Monday, March 30th, 2015
Less snow this winter lets communities salt away major savings
By Jared Mauch
Less snow this winter resulted in less spending for many Mercer and Auglaize county communities, with some cutting their overtime and salt use in half.
The savings may result in some smoother roads this summer, officials said.
Local weather forecaster Dennis Howick measured 22.2 inches of snow through February compared with more than 60 inches last winter.
Mercer County road crews recorded 860 overtime hours this season, a drop of 1,000 hours from last winter, county engineer Jim Wiechart said. His department spent $364,993 for labor, equipment and material this winter, compared with $486,873 spent last winter.
Only 1,351 tons of salt were used, down 2,000 tons from the 3,337 tons used in 2013-14.
County crews were on the road 50 days this season after treating the roads 62 days the winter before. The $120,000 in savings may go toward chip-seal resurfacing on county roads, Wiechart said.
Auglaize County crews cut their overtime hours in half from 2,700 in 2013-14 to only 1,300 hours this winter, county engineer Douglas Reinhart said.
Although the number of hours was cut in half, most of the snow seemed to fall during weekends, Reinhart said.
"It seemed like crews were out every Saturday, Sunday or all weekend. It was hard to give them an entire weekend off," he said.
His crews used 1,630 tons of salt this season, down 200 tons from last year.
The county spent about $9,000 for beet juice, which is added to the salt and stone mix, reducing salt consumption by 20 percent, he said.
County crews were out 48 days this season, two days fewer than last season, Reinhart said.
"Gas was a big expense for us last year," Reinhart said. Fuel cost only $53,000 this year compared with $88,000 the year before, he said.
The savings may go toward resurfacing roads, Reinhart said. Crews resurfaced only two miles of county roads last year because capital improvement funds were diverted to help pay for $334,942 in snow removal costs.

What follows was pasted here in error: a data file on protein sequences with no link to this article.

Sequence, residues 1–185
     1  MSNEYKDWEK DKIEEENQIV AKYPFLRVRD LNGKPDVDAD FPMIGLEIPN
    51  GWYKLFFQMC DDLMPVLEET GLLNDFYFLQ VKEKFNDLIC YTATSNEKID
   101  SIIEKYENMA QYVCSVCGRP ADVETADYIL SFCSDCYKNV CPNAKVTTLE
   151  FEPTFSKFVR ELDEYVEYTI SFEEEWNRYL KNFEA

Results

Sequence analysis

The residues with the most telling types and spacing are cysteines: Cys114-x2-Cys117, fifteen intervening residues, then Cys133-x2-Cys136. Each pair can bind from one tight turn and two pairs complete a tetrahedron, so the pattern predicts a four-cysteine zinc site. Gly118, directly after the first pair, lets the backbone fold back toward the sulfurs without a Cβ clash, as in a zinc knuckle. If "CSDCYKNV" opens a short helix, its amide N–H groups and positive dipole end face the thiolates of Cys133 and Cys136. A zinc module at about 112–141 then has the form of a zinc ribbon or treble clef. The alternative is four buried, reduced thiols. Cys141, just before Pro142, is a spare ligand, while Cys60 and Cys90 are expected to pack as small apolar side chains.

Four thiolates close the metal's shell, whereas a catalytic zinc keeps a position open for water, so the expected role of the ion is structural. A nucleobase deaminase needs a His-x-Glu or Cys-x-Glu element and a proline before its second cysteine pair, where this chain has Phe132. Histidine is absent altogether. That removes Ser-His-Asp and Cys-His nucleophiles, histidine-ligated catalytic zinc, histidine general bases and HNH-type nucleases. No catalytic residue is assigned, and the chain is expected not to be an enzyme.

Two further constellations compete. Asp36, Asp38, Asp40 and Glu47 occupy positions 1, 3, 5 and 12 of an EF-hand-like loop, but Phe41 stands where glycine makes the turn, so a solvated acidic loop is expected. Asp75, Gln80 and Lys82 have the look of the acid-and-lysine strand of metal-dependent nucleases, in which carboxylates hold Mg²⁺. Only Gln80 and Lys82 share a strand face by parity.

He is still calculating this year's total cost and he hesitated to call the winter season over.
"I wait until winter is officially deemed over before refilling on salt," Reinhart said. Last year his department paid $69 per ton of salt. He hopes the price remains steady this year.
Celina cut its salt use in half this season, spreading 800 tons compared with 1,600 last season, public works superintendent Joe Wolfe said.
"It's been a lot better winter," he said.
The city also tallied 566 hours of overtime compared with 950 last season.
Total expenses dropped about $75,000 this year compared with about $154,000 last season.
"I only budgeted what I needed," he said. "I went way over what I had expected last year."
St. Marys Superintendent of General Services Terry Hubbell said city crews used 585 tons of salt and grit this year, down slightly from the 600 tons used last season.
However, with salt costs rising from $52.21 per ton last year to $85.63 per ton this year, the cost rose to $31,240 from $25,182 last season.
"We had more snow last season but we spent more this year," he said.
City crews tallied nearly 300 fewer overtime hours - 420 this year compared with 710 last year. Much of the overtime, 218 hours, occurred on weekends.
The city, though, did save on equipment repairs, Hubbell said. Only $7,000 was spent this year compared with $10,500 last season.
Coldwater Village Manager/Engineer Eric Thomas said the town used only 473 tons of salt through February compared with 600 tons last winter.
The town used a mere 28 hours of overtime against the 237 hours through last February.
"We worked about two days in total overtime. The guys came in an hour or two early or stayed a little later," he said.
The village saved about $9,000 in salt expenses and may use it to fund street repairs, Thomas said.
Fort Recovery Fiscal Officer Roberta Staugler said the village used only 76 tons of salt, 36 hours of overtime and $6,114 in seasonal expenses this year. Last year, village crews used 85 tons of salt, 180 hours of overtime work and $6,225 for seasonal expenses.
Less snow does not always mean less road salt was used.
New Bremen crews used a record amount of salt, 325 tons this season, village administrator Wayne York said.
"We try the best we can with our roads," York said.
The village does not report overtime hours but York suspects that figure is a record high, as well.